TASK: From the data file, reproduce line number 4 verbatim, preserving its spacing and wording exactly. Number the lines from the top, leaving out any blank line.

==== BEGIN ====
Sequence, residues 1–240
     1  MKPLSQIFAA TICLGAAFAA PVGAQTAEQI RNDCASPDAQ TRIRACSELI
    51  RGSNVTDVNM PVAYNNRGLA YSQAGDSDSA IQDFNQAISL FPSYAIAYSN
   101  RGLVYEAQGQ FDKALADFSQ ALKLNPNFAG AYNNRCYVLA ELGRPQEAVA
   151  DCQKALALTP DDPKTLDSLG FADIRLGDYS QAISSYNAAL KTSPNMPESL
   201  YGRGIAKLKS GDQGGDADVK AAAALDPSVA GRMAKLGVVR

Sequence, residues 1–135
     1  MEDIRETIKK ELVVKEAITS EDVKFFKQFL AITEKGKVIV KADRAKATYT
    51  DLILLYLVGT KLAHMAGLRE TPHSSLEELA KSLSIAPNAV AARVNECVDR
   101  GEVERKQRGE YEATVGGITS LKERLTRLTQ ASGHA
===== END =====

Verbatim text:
   101  RGLVYEAQGQ FDKALADFSQ ALKLNPNFAG AYNNRCYVLA ELGRPQEAVA